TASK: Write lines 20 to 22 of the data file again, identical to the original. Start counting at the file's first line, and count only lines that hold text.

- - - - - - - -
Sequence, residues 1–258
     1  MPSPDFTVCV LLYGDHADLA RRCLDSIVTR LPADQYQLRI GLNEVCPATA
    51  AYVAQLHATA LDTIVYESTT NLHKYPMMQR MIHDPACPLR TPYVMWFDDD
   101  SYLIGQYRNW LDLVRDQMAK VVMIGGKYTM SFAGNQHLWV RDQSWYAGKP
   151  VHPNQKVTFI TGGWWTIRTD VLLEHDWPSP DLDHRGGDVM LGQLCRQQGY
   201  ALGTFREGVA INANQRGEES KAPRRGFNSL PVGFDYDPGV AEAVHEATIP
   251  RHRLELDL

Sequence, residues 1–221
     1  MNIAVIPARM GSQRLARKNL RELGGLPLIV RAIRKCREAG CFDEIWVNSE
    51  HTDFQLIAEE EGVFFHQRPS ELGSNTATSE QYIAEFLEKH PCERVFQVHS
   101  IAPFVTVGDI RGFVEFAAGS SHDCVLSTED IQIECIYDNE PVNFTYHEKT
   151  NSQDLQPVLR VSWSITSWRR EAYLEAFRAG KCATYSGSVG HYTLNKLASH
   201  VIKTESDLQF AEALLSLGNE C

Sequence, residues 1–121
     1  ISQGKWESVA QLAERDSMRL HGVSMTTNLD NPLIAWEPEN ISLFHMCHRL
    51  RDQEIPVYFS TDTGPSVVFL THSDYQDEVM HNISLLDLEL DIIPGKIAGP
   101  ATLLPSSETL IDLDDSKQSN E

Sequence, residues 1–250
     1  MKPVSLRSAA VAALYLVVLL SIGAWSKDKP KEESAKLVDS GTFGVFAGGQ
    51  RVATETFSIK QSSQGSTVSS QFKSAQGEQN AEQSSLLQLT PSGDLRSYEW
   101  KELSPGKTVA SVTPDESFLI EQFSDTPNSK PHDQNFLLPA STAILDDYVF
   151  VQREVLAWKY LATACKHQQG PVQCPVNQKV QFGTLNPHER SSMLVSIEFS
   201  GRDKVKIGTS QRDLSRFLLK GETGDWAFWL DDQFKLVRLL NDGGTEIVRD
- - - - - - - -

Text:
    51  RVATETFSIK QSSQGSTVSS QFKSAQGEQN AEQSSLLQLT PSGDLRSYEW
   101  KELSPGKTVA SVTPDESFLI EQFSDTPNSK PHDQNFLLPA STAILDDYVF
   151  VQREVLAWKY LATACKHQQG PVQCPVNQKV QFGTLNPHER SSMLVSIEFS